My web site is devoted to medical and treatment information about this rare cancer. My blog is devoted to sharing what has been the more difficult part of the journey for me, the emotional and spiritual road I've traveled as a rare cancer survivor.

Thursday, January 21, 2010

A Student Again....Finally!

I went to my first class last night and really liked it, really liked my professor. I loved being in a classroom again. The professor is kind of fun. He did a little speech about the fact that he had a very strict attendence policy and that you had to have a really good excuse to miss his class. Hospitalizations, famiy deaths and automobile accidents on the way to class were NOT good reasons to miss his class. After the silence that followed, he said a good reason to miss his class was free tickets to a baseball game, a chance to sleep in, a good party...something GOOD. He said he hoped we wouldn't have to deal with bad things and would only miss his class because a GOOD opportunity came along. I like him!

After class I went to my Toastmaster's meeting...I had to give a speech. I was supposed to give an inspirational speech. I decided to do a speech about Dr. Jimmie Holland...she inspires me. She has brought attention to the emotional aspects of a cancer diagnosis. She wrote a book I loved when I was newly diagnosed with cancer..."The Human side of Cancer: Living with Hope,Coping with Uncertainty". She founded the science of psycho-oncology. She made many oncologists aware of the emotional struggles we all face after a cancer diagnosis.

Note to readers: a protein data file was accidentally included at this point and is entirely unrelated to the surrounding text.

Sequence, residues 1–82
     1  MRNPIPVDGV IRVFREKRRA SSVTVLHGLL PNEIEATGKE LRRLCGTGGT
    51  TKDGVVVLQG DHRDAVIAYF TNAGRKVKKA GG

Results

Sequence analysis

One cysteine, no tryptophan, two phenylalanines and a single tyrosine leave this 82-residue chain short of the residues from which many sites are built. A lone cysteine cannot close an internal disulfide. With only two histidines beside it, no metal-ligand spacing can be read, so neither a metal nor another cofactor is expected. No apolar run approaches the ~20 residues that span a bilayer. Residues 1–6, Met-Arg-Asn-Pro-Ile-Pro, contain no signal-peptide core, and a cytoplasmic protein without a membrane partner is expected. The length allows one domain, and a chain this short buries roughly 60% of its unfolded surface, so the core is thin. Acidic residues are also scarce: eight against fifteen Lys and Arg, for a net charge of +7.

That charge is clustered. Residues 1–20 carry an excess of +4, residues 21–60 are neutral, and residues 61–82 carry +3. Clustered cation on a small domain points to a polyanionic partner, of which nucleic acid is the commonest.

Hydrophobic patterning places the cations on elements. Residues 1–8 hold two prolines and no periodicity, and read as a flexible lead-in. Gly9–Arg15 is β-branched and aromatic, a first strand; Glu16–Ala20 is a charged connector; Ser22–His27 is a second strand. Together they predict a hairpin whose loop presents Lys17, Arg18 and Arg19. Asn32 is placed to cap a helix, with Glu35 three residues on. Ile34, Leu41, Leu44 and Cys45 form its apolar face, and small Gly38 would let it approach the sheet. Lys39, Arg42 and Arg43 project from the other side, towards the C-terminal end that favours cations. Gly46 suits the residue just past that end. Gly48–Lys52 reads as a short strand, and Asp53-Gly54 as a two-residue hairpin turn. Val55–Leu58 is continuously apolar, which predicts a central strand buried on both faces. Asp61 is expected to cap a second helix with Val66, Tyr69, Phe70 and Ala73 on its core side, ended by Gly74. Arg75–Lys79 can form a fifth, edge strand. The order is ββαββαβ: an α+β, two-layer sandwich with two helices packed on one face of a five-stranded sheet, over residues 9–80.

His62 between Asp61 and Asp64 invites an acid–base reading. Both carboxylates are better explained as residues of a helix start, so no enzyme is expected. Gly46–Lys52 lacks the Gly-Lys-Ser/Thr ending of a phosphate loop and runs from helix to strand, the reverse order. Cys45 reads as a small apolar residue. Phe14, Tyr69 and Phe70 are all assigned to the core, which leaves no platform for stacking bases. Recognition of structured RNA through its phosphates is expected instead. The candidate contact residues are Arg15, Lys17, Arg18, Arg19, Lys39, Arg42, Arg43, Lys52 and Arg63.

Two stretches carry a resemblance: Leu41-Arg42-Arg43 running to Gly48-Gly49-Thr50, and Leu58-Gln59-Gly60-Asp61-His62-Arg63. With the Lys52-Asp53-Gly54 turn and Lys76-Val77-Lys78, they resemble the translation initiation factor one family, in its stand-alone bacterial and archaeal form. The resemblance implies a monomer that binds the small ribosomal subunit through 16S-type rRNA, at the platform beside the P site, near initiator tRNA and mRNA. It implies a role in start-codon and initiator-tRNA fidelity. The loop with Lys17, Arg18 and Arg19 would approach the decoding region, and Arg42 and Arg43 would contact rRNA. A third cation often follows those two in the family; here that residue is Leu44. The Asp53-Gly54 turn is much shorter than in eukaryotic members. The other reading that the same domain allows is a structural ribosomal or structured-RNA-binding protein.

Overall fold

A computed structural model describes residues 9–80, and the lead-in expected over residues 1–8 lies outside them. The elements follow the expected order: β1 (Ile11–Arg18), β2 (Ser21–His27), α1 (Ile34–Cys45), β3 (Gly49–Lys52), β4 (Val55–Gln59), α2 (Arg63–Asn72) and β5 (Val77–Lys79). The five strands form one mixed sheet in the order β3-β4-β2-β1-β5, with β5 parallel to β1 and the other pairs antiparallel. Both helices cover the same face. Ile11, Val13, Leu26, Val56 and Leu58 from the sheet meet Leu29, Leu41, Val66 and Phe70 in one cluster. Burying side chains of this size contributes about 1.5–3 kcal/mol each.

Dr. Holland made the cancer comunity aware of the fact that we were not just persons with a tumor who need medical care, but whole individuals who are traumatized emotionally, and not just physically, by the diagnosis. She is a hero of mine. The emotional consequences of cancer,in my view, far outweigh the physical effects of cancer and treatment. She's advocated for us all. She recognized that we are people, not just illneses, that there was so much more to us than our disease, that a cancer diagnosis affected our whole being, not just our health. She is 80 years old and still advocating for us. We are her life's purpose. She honors us, she honors our stuggle. I loved doing a speech about her.

Did I tell you I got to meet her? She is involved in the AACRs Scientist-ssurvivor Program I am a part of. So I got to meet and spend time with my hero at one of the AACR annual meetings. It was such a priviledge. Maybe I'll get to be like her and still make a difference when I'm 80.

CR Magazine did a great article about her I'll paste here: Caring for the Whole Person. Please try to find the time to read it!

1 comment:

Janine said...

Your teacher sounds cool! Reminds me of a boss I had that wanted us to use our sick days to call in 'well.' If it was a sunny day, call in sick to go surfing. If it was a powder day, go skiing.